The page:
German utility E.ON said Friday it plans to retire its 1.3 GW Grafenrheinfeld nuclear reactor in May 2015, seven months ahead of the planned shutdown under Germany's nuclear phase-out law.
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The company has already notified the federal grid regulator BNetzA and transmission system operator TenneT of the intended shutdown, it said in a statement.
It said it took the decision because the plant is not profitable as continuing operation of nuclear power stations in Germany only makes economic sense if they can operate for a sufficient length of time without the burden of the nuclear-fuel tax, which expires in 2016.
The brevity of Grafenrheinfeld's remaining operating lifetime makes an early shutdown unavoidable in the interests of E.ON's shareholders, it said.
SECURITY OF SUPPLY
Should the regulator BNetzA judge the power plant necessary for security of supply, it may order its continued operation as a system-critical plant until the end of next year.
The costs for the continued operation could than be added to the grid fees paid by all consumers.
According to media reports last Friday, the early decommissioning of the plant may lead to a temporary shortage of electricity in Bavaria.
"We need the capacity from Grafenrheinfeld 2015 for security of supply," Bavaria's prime minister Horst Seehofer was quoted as saying by Munich-based newspaper Sueddeutsche Zeitung last Friday.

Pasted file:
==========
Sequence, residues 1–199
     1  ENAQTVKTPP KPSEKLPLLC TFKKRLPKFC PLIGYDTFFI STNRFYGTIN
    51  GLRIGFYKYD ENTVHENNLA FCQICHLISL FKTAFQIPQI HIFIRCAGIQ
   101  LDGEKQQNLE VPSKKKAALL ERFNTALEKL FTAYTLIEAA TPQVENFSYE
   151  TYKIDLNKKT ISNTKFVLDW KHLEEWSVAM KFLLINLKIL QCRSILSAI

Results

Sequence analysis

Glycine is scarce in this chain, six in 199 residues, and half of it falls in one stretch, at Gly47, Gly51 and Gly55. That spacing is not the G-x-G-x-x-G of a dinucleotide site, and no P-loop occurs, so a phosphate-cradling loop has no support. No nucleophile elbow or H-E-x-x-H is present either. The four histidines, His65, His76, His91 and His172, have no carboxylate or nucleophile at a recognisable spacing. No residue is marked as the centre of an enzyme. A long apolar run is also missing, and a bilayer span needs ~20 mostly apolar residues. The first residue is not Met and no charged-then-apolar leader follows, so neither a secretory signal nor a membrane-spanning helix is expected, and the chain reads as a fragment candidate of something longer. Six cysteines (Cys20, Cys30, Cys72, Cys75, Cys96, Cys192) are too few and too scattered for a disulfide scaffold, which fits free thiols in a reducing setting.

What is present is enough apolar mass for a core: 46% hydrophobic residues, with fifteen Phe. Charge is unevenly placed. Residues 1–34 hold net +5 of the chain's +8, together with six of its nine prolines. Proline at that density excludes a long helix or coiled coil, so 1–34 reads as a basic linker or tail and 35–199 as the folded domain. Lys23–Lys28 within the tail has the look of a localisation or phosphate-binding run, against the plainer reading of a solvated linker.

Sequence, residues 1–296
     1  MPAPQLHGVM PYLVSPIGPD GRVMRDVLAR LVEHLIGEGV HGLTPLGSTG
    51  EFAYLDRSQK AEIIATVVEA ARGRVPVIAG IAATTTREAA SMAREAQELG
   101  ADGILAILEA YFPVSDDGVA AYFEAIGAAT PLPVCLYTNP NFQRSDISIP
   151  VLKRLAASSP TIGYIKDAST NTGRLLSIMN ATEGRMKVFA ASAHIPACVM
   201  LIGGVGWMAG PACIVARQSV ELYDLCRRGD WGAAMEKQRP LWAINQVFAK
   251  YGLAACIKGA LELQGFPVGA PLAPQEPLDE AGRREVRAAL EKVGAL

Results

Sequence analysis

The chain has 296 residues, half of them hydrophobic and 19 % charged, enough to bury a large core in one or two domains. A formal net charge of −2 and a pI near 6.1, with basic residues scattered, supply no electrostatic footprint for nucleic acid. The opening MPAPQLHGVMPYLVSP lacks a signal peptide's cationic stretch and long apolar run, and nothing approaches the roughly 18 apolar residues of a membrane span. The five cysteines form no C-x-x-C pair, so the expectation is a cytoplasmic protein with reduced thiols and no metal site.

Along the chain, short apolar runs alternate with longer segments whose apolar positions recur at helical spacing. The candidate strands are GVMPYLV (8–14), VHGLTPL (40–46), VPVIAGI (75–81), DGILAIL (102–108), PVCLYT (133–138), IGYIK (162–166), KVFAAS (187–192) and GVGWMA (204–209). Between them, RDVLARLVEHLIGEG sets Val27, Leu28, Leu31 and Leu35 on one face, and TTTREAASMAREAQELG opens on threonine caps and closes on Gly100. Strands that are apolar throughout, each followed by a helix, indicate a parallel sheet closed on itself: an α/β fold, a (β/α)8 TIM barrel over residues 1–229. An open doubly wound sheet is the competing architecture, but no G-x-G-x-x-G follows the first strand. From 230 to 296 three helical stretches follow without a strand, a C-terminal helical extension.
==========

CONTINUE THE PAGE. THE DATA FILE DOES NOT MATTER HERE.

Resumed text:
"There is no decision made in our house regarding an earlier than planned closure of the Grafenrheinfeld nuclear power plant," E.ON's generation unit spokesman Markus Nitschke told Platts last Friday, in response to the report. "However, we continuously consider the economic viability of our power plants especially in the light of the low market prices. And here the nuclear fuel tax is an extreme burden," the spokesman said in an email.
German wholesale power prices for delivery in 2015 have fallen below Eur34/MWh this week, the lowest level for year-ahead power in over nine years, Platts data shows.
The reactor was set to be refueled for the last time during its next annual maintenance break, scheduled to start June 13, 2015, according to a note on E.ON's transparency website last Friday.
Reports estimate that the nuclear fuel tax for the refueling of the plant would cost E.ON around Eur80 million ($110 million). The Grafenrheinfeld reactor will lose its operating license on December 31, 2015 under Germany's nuclear phase-out law.
NUCLEAR PHASE-OUT TIMETABLE IN FOCUS The decision follows comments earlier this month by Peter Ramsauer, the new head of the economy and energy committee in the German parliament (Bundestag), calling into question the planned nuclear exit timetable.
"If you want to cut power prices you must return to nuclear energy," Ramsauer, a former minister in Merkel's second cabinet, said in an interview with German weekly Der Spiegel published March 15.
Ramsauer, from the Bavarian sister party of Chancellor Merkel's ruling CDU/CSU, added that no politician would want this at the moment. "But I do not rule out that we will come in a few years to the conclusion that developments are getting out of hand and that we can't afford the 'Energiewende' [energy transition into a renewable energy age]."
Germany decided in the aftermath of the Fukushima nuclear crisis in 2011 to reverse a planned extension of nuclear run-times and to return to an earlier nuclear phase-out plan.
After Grafenrheinfeld in 2015, two more reactors are set for decommissioning by the end of 2017 and 2019.
The remaining six reactors are set to lose their operating licences by the end of 2021 and 2022 respectively, which would would remove almost 8,000 MW of nuclear capacity within the space of just over 12 months.